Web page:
From Sept. 17-26, Wild Iris brought their Youth Violence Prevention Program into to the middle schoolâs P.E. classes so that every child had an opportunity to hear their message which identifies the different types of bullying, prevention techniques, and where to go for help.
âIâm hearing a different buzz in the hallways at this school. Itâs positive. The (WEB) class Iâm working with is amazing. They have lots of new (anti-bullying) ideas âŠ songs, skits,â said Coudek. Coudek is involved once a week, working with WEB teacher school teacher Shelly Daugherty, to promote a positive school culture,â said Twomey.
The new official school jacket is available in a variety of colors and sizes for $30 for adults and $25 for children. Oct. 24 is the deadline for students and staff to buy their Happy-Hoods sweatshirt so that everyone can suit up in time for a school-wide assembly, when everyone will take the Happy-Hoods anti-bullying pledge in unison.
Twomey and Coudek encourage the community to buy Happy-Hoods sweatshirts at the school or by downloading an order form from the schoolâs website at www.bishopschools.org.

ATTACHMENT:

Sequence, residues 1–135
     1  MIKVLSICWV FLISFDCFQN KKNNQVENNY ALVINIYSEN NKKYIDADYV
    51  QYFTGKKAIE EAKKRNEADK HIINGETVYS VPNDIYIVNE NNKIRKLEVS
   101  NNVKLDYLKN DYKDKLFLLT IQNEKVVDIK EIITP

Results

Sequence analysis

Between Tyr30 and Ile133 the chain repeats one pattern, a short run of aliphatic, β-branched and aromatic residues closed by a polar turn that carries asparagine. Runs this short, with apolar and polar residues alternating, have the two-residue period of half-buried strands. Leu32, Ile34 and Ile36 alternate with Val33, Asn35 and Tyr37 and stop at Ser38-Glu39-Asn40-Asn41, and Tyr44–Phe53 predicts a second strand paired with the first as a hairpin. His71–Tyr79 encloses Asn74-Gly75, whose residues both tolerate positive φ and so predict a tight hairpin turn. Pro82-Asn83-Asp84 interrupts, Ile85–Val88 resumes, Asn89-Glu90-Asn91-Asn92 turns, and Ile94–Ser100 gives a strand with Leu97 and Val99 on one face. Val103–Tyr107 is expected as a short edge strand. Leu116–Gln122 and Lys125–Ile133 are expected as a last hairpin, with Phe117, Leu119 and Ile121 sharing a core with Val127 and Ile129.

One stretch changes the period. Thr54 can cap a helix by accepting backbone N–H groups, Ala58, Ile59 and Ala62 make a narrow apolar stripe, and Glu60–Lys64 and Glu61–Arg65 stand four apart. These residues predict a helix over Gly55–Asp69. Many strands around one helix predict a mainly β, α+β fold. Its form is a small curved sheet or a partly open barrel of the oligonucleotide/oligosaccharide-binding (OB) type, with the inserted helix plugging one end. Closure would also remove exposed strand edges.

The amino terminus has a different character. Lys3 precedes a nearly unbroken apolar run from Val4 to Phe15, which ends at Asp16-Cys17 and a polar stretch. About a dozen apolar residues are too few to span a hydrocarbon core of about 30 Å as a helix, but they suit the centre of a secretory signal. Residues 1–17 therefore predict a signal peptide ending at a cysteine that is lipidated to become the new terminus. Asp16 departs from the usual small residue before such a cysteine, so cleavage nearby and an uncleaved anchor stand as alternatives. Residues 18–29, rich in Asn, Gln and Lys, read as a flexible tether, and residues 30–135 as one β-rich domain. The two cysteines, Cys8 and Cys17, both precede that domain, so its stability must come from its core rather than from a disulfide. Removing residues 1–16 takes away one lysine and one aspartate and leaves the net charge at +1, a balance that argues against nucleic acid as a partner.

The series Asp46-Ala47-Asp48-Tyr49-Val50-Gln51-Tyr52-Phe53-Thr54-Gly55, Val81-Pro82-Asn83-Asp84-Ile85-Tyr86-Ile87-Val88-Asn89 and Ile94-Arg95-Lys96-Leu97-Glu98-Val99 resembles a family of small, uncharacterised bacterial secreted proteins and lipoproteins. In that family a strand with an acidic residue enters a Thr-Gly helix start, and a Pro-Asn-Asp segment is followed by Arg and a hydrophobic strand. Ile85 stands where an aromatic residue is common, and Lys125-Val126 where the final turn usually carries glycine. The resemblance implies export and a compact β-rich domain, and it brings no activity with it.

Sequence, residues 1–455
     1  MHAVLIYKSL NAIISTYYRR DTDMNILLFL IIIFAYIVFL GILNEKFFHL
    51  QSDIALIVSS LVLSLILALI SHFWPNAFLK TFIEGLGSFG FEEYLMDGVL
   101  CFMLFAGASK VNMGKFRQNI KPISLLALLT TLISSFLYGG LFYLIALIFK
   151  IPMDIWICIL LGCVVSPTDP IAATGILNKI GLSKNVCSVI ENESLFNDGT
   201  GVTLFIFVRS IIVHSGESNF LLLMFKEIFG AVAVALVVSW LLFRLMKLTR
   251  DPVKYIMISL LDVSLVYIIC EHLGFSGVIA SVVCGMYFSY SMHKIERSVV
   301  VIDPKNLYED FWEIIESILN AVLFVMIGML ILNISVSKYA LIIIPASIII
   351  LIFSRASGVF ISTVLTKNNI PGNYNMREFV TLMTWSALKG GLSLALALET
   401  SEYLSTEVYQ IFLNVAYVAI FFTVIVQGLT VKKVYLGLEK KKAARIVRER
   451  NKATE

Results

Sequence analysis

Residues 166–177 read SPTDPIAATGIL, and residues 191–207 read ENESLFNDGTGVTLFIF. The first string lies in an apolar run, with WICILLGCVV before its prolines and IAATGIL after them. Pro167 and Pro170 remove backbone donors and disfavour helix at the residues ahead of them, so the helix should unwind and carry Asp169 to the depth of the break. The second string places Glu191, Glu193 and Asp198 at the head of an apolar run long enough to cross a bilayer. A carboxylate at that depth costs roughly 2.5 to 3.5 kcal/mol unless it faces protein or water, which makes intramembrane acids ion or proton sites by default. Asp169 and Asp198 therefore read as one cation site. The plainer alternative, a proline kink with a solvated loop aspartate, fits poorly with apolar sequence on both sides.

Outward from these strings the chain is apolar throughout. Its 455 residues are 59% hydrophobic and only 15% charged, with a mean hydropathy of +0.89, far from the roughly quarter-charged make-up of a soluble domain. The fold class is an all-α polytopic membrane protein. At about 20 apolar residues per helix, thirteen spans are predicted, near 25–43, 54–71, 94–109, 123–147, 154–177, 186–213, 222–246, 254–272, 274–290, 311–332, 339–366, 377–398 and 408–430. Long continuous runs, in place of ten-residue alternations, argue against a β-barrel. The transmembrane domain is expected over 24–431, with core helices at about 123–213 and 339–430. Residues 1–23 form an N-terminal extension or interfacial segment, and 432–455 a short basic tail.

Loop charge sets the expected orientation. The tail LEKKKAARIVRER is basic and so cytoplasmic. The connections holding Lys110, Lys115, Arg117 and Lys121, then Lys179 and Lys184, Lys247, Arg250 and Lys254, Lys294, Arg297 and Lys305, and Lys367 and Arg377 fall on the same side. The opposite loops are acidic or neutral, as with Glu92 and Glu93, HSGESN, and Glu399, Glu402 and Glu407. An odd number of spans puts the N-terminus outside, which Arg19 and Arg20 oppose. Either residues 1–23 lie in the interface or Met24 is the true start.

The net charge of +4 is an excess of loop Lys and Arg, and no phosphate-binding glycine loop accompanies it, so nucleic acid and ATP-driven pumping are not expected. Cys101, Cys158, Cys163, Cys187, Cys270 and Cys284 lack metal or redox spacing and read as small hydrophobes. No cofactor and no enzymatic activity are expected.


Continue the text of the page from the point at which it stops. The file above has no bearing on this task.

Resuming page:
More than 20 sweatshirts have been purchased already. And the school plans to buy more to be given out as incentive gifts. For example, the names of students who excel at school-wide academic quizzes like the âGeography Challengeâ or who have had perfect attendance for the month, will go into a lottery. The winning names will receive a Happy-Hoods sweatshirt.
As unique as these sweatshirts are, the schoolâs are not ordinary Happy-Hoods sweatshirts. âHome Street Middle Schoolâ and the colt logo are emblazoned on the right hand sleeve of the schoolâs version.